8th European Workshop On Structural Health Monitoring (EWSHM 2016)
5-8 July 2016, Spain, Bilbao
Right Now in Bilbao 15:15 Tue 19
09:30 Wednesday 6. Jul - A3A
Perspectives on Structural Health Monitoring of Composite Civil Aircraft
Abstract »Safe and cost effective operation are the highest priorities for civil aircraft. Considering that many events that can occur during normal aircraft operation which cause a reduction in the residual strength of the structure, a rigid adherence to inspection and maintenance schedules and timely repair of damage is required. Since Structural Health Monitoring (SHM) has the capability to investigate critical areas of the aircraft structure, it is potentially applicable to a wide range of current civil aircraft, including general aviation, business jets and large passenger aircraft. Although SHM could be extended to the complete aircraft structure in the future, in the shorter term it is more practical to consider the most critical structural elements/assemblies, both for reasons of cost and the time, especially in certification, leading to more standardised procedures in future. On a technical level SHM should be addressed by identifying critical structural elements/assemblies such as: blade stiffened skin panels, sandwich panels, hat stiffened skin panels, multi-rib and multi-spar structures, welded , mechanically-fastened and co-cured joints. For each of these, expected failure modes are assessed and used to determine the expected damage types. Damage sizes which post a risk to the structural integrity of the aircraft are then matched with SHM technologies which have suitable damage detection capability. This paper proposes the use of metrics to quantify the effectiveness and efficiency of the SHM system according to the six most important elements of SHM: Damage event detection, Damage event localization, Damage type detection, Damage extent detection, Damage effect estimation, and Damage prognosis. SHM Technologies are a combination of non-destructive testing techniques, developed further for in-situ monitoring, and new technologies. The techniques considered to have the most potential for SHM of composite aircraft are Acoustic emission, Guided Lamb wave sensing and Fibre optic sensing. SHM comprises part of the Smart Materials and Structures Concept that will be the basis for future Smart and Efficient Aircraft with lightweight structures, on-board monitoring, health diagnosis and adaptive structures. In this concept, optimal sensor positioning, distributed communication networks and algorithms, miniaturisation and energy harvesting are also considered.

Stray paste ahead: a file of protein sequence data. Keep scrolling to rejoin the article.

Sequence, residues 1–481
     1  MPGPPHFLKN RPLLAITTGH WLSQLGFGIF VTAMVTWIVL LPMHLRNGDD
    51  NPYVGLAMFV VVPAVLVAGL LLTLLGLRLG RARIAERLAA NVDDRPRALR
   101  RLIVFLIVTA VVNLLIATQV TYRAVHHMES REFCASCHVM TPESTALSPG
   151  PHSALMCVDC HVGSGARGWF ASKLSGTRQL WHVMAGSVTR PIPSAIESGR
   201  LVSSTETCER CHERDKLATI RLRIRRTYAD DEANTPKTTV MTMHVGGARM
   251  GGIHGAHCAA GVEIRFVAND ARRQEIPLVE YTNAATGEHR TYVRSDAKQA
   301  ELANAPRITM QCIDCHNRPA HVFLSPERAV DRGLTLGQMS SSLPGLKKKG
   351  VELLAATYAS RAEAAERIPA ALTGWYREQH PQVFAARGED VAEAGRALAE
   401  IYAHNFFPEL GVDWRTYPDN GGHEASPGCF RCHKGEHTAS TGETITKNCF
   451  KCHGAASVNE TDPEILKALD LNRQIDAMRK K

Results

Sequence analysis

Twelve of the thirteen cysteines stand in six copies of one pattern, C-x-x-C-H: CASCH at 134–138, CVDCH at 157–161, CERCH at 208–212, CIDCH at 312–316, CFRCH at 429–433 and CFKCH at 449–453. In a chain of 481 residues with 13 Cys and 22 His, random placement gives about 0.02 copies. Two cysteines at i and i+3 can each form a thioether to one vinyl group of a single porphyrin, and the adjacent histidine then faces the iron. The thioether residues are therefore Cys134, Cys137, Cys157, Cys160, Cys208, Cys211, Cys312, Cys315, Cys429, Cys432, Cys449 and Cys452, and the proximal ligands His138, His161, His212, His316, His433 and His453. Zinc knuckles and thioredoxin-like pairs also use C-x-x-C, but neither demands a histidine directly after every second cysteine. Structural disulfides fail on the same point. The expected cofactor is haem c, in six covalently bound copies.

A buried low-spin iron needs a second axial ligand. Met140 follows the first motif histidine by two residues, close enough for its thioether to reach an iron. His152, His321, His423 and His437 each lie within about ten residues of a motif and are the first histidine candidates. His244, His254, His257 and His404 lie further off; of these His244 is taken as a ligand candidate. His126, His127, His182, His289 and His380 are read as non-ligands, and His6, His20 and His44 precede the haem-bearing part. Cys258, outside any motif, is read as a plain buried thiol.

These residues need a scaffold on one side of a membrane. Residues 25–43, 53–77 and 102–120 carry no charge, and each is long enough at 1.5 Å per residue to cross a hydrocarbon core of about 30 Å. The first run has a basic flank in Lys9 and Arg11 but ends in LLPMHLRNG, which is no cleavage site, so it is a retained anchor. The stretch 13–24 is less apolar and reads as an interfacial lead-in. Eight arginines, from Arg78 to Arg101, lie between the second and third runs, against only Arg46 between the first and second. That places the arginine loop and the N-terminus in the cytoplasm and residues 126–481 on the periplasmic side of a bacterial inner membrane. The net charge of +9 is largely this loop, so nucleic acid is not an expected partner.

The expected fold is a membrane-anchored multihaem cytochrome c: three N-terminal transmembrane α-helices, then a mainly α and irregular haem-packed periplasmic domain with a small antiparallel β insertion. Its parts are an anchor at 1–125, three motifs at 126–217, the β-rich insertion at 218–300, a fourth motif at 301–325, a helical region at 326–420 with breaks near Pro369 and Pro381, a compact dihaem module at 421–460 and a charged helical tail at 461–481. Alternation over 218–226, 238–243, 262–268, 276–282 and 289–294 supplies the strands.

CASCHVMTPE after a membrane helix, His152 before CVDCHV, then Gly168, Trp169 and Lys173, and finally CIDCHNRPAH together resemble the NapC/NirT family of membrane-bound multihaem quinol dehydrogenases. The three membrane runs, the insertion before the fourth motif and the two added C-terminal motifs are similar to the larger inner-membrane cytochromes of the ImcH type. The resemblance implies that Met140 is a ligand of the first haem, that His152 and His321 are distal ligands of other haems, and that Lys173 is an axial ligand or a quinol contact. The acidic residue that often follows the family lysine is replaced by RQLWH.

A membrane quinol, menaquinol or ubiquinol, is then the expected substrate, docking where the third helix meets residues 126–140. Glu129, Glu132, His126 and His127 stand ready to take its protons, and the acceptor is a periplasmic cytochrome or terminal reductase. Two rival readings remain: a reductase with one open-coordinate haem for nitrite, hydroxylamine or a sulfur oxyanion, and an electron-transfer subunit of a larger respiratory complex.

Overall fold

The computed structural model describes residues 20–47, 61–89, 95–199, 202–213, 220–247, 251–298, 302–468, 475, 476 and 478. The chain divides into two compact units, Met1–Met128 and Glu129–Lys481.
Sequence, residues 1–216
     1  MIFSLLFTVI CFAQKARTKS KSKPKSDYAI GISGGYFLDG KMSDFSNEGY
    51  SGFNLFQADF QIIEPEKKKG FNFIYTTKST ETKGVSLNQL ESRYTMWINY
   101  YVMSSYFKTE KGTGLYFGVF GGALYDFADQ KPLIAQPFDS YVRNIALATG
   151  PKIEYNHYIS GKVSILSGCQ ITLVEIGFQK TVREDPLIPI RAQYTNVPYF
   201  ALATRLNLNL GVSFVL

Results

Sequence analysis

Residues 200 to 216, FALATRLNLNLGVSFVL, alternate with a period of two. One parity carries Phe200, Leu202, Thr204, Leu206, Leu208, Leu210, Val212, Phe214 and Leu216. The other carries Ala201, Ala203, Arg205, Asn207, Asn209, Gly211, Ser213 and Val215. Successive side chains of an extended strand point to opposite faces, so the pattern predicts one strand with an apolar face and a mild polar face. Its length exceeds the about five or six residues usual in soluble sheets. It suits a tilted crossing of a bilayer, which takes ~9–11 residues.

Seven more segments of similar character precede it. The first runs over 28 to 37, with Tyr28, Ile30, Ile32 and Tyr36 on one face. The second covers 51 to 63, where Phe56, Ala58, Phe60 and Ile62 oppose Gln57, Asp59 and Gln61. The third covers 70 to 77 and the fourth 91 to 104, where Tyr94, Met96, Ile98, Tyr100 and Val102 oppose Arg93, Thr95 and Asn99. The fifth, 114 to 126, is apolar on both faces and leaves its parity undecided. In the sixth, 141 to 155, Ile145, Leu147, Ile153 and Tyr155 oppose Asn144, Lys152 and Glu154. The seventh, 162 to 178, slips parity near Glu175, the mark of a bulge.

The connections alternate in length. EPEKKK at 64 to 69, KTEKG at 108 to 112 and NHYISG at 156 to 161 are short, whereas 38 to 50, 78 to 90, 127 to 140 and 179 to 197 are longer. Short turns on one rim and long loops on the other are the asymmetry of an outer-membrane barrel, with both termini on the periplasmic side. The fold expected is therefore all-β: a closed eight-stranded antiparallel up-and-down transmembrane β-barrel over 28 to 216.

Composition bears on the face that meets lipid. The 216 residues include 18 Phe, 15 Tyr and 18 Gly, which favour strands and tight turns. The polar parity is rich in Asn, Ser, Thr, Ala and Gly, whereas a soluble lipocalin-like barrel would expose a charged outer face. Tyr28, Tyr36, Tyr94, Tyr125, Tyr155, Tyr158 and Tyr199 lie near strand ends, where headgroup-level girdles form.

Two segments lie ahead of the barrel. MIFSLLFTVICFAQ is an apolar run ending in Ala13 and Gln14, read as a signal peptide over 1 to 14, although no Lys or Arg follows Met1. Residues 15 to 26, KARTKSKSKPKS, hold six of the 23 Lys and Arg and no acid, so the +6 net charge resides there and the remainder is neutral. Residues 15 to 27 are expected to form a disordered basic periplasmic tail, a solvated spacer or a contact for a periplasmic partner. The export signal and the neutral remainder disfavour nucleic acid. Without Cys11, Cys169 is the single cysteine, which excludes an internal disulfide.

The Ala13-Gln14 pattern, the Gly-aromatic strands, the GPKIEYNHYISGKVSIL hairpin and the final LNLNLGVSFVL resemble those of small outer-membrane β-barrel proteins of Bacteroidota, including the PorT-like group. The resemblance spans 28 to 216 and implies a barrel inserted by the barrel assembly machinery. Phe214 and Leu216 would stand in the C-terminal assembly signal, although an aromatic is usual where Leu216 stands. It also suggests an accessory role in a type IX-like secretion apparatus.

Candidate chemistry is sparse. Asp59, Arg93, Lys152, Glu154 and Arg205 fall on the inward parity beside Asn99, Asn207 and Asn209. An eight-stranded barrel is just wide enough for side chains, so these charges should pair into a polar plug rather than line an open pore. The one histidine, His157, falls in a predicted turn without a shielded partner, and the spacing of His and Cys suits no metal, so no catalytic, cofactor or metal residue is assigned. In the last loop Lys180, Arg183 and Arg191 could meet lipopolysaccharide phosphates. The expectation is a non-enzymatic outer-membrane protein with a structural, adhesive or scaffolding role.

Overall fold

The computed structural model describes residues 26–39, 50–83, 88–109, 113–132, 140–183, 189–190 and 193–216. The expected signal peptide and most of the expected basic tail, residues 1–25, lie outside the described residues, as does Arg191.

AuthorsGroves, Roger M.Groves, Roger M.
Dr Roger M. Groves is Head of the Aerospace Non-Destructive Testing Laboratory, TU Delft, The Netherlands. He joined TU Delft in 2008 as Assistant Professor in the Structural Integrity & Composites Group. Previously he was Senior Scientist at the Institut für Technische Optik, Universität Stuttgart, Germany and Research Fellow at Cranfield University, UK. He has a PhD in Optical Engineering from Cranfield University (2002). Dr Groves’ research is directed into four topic areas relating to Non-Destructive Testing and Structural Health Monitoring. These are Optical Metrology, Fibre Optic Sensors, Spectral Imaging and Ultrasonics. Dr Groves heads a group of 20 researchers and students at Delft and has more than 100 journal and conference publications. Dr Groves chaired the Photomechanics2015 Conference in Delft in May 2015.
Delft University of Technology
Faculty of Aerospace engineering
2600 GB Delft